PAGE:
__________________________________________________________________________Sample # H2 O 55-A Temp Leach Time pH Ore Wt. HCl Au Oz Ag Agitation Remarks__________________________________________________________________________1 2 KmL 5 Gr 140 F. 2.5 Hrs 9 3 AT* no 3.4 8 120 RPM Clear Filtrat2 " " " " 1 " yes 9.1 14 " Dark Brown 2 cc Filtrate3 300 mL 3 Gr Abt 3.5 Hrs 1 1-AT* 4 mL 10.2 1.5 No Yellow4 " " " " " " " 34.0 31.8 " "5 100 mL " " " " " " 0.25 0.34 " "6 " " " " " " " 0 0.02 " "7 700 mL " " " 0 " " 0.06 0 " "8 " 4.2 Gr " " 0 " " 1.4 0.06 " "9 " 3 Gr " " 0 " " 0.19 0.02 " "10 " " " " 1 " " 5.6 0.06 " "11 300 mL 3 Gr 68 C. 3 Hrs 0 " 3 mL 0.82 0.20 Yes "12 " " " " " " " 0.82 0.20 " "__________________________________________________________________________ *Assay Ton Recovery rates are approximately 78% of head assay.
A synthetic ore was prepared by mixing barren sodium potassium calcium aluminum silicate ore with an aqua regia solution containing gold ions in relative proportions of 1 mg gold ions per assay ton of the barren ore. Sodium metabisulfite was added to the mixture to precipitate the gold in metallic form, and facilitate complete uniformity in mixing of zero valence gold throughout the barren ore material. After precipitation of gold, the mixture was evaporated to dryness, rinsed to remove chloride and nitric acid residues, and again dried. The synthetic ore thus produced was highly uniform and homogeneous, with a precisely established gold content.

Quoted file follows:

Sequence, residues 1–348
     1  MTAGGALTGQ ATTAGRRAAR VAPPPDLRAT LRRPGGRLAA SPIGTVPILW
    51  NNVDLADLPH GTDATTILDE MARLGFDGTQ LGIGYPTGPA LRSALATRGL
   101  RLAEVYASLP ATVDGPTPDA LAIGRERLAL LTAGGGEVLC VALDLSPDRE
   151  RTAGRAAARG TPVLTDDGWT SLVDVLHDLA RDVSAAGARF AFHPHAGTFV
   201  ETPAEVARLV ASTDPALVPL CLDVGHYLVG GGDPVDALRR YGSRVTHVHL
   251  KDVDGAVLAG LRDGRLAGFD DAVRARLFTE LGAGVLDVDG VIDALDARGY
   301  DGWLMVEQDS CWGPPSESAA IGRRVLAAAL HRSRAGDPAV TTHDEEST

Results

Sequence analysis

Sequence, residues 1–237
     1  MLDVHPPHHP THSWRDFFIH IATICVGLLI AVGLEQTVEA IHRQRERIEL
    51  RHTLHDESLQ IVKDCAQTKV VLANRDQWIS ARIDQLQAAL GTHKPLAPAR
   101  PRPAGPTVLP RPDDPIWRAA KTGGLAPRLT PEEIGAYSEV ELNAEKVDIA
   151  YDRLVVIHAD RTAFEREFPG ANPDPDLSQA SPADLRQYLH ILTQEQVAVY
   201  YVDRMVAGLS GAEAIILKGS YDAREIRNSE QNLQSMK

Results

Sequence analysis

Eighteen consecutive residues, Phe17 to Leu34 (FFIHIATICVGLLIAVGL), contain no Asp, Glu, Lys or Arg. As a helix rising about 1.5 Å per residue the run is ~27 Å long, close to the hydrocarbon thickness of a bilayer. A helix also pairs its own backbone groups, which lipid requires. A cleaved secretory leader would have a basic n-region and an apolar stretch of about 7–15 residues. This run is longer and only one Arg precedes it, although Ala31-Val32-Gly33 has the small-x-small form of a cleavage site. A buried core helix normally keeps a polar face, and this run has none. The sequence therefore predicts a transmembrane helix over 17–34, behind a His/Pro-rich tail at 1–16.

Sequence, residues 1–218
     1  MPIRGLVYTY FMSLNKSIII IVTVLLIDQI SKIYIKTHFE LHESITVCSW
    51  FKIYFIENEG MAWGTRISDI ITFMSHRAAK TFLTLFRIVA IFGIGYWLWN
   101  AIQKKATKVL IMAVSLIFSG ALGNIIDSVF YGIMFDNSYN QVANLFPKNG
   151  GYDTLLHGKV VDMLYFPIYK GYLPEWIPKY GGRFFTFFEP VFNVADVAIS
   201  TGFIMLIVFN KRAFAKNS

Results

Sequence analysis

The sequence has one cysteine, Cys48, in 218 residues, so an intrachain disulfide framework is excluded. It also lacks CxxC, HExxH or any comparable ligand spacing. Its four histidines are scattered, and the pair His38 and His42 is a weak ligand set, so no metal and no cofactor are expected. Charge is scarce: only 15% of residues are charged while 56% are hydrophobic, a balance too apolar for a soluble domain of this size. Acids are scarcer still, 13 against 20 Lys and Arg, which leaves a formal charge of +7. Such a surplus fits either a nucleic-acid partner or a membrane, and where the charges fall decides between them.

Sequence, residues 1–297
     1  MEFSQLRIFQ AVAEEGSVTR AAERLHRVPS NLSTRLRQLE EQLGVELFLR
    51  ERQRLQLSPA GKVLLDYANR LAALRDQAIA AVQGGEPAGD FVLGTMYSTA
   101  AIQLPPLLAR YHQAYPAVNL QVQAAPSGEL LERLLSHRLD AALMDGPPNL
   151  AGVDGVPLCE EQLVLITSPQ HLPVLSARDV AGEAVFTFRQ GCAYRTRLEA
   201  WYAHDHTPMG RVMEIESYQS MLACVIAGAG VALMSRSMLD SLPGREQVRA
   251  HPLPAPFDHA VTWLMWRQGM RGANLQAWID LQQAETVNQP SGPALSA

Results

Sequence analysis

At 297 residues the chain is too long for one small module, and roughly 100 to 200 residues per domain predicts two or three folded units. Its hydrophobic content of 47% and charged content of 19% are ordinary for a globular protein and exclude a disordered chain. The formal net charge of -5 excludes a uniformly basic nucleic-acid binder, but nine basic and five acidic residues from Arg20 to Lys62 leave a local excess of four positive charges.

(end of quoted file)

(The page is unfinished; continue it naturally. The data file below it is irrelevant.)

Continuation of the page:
A leaching solution was produced by dissolving 1,3-dibromo-5,5-dimethylhydantoin in water (30 ml) to produce a solution that was substantially saturated. The pH of the solution was adjusted to 8 by addition of sodium hydroxide. The leaching solution was mixed with a specimen (1/3 assay ton) of synthetic gold ore produced in the manner described above, and the resultant leaching slurry was heated to approximately 145° F. and stirred for about 30 minutes. Thereafter, the leachate was decanted off and filtered, diluted to a standard 100 ml, and analyzed on an AA spectrophotometer with an Au 10 ppm standard as a reference. Aspiration of the leachate into the AA flame with appropriate background correction produced a reading of 33 on a full scale calibration of 100. This corresponds to a concentration of 0.33 mg of gold per 100 ml, or precisely 100% of the gold content of the one-third assay ton sample used.
Synthetic gold ore (1/3 assay ton) containing one mg of gold per assay ton was prepared in the manner described in Example 4. A leaching solution was prepared by dissolving 1,3-dibromo-5,5-dimethylhydantoin in water to the point of saturation and adjusting the pH of the solution to 1 by addition of HCl. A leaching slurry was prepared by mixing a leaching solution and the synthetic gold ore, and the slurry was heated to 145° F. and stirred for 30 minutes. AA analysis of the leachate showed that only about one-half of the 0.33 mg gold was taken up into the leaching solution. Continued leaching failed to extract additional gold, but the addition of 35% hydrogen peroxide (2 ml) to the leaching solution resulted in extraction of the balance of the gold. From the results of this example, it was determined that the oxidizing capability of 1,3-dibromo-5,5-dimethylhydantoin declines rapidly at low pH values of 1.0 or less.